[The sixteenth - Beets and a cake]

le-seize

bonbon cake top

Two days, four bowls of Thai chicken soup, twenty hours of sleep, and a singing cab driver later, I’m finally emerging from the nightmare that flu is.

Only to let you know, I loved all of your ideas. Some made me laugh, some made me think.

The secret ingredient was beetroot.

beets

And believe me, this cake has become a number one favourite.

You see, when I first made it, I wanted to try two new things – because, after all, this little journal here is made for things that I can’t experiment with at work.

A beetroot cake.
And this lovely sprinkle and bonbons frosting.

bonbon cake

I had more eggs, butter, flour and sugar in my cupboard that I can admit; a couple of raw organic beets sitting in the fridge. And a major disappointment: every recipe I’d found called for cooked beetroots.

Now, I’m not saying I didn’t want to spend three hours waiting by the oven for the precious little rubies to become soft and sweet, but I knew – deep-inside – I could just grate them finely.

So I did.

Gâteau à la betterave

This recipe is a keeper. The texture is out of this world and the cake will keep moist for days. Here I made two small cakes, one for now, and one kept – tightly wrapped in clingfilm – in the freezer, for later.

But really you could bake it in a 24cm pan or in a loaf tin. Just make sure you adjust the baking time accordingly: a small knife, inserted in the middle of the cake should come out clean.

To grate the beets, I used my microplane grater and it did a wonderful job at it. If you don’t have one – and really you should – simply use the smallest grater you can find.

The fresh beets add so much more than just colour. They make the cake moist – the same way carrots do in a carrot cake – and bring a lovely yet subtle earthiness.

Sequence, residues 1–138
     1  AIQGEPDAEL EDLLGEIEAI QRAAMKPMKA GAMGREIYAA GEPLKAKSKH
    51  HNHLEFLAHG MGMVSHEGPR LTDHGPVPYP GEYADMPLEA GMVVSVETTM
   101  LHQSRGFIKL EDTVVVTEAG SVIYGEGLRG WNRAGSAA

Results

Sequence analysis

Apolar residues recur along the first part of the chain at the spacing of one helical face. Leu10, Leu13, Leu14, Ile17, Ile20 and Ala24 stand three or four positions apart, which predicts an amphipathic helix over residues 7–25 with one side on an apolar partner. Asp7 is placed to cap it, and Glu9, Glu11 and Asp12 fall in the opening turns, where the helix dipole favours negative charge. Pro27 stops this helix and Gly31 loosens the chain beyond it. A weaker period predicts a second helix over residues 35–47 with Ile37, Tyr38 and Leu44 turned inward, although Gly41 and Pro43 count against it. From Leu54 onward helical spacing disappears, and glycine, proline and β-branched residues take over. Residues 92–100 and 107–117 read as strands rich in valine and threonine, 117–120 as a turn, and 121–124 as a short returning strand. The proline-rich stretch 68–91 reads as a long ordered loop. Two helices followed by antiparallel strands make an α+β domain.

I’m giving you the recipe for the cream cheese frosting, because we all need a good reliable one in times of need. But keep in mind that the cake is equally delicious cold and frosted than it is slightly warm – from a short trip in the microwave from frozen – and naked.

Gâteau à la betterave

serves 8-10

for the beetroot cake
3 eggs
175g caster
seeds from one vanilla pod
2 medium beetroots, approximately 250g
175g flour
10g baking powder
one tsp ground cinnamon
120g butter, melted

Preheat the oven to 170°C and butter generously a 24cm-wide springform tin.
In the bowl of a stand-mixer, fitted with the whisk attachment, mix the eggs, sugar and vanilla seeds on medium speed until fluffy and double in size.
In the meantime, peel the beetroots and grate them straight into the bowl containing the eggs, gently folding as you go.
Add the flour, baking powder and cinnamon, and incorporate using a spatula.
Transfer a couple of spoonfuls of the batter into the melted – but cooled – butter and mix vigourously until smooth, then fold back into the remaining batter.
Pour the batter into the prepared tin and bake for 20 to 30 minutes, or until a skewer comes out clean.
Allow to cool on a wire rack before frosting it, or devour plain when still warm.

for the cream-cheese frosting
300g icing sugar
50g butter, at room temperature
125g cream-cheese, cold
sprinkles
liquorish candies

Beat the icing sugar and butter together in a stand-mixer with the paddle attachment until the mixture comes together. Add the cream cheese mix until smooth and fluffy.
Frost the sides of the cake and immediately sprinkle with the non-pareils of your choice. And pile some old-fashioned liquorish candies in the centre.

And just for the record – and for your personal enjoyment (read: burst into laughs with tears and all), when I say stand-mixer, I really mean mixer standing on a loaf of sliced bread.

Please don’t try this at home!

stand mixer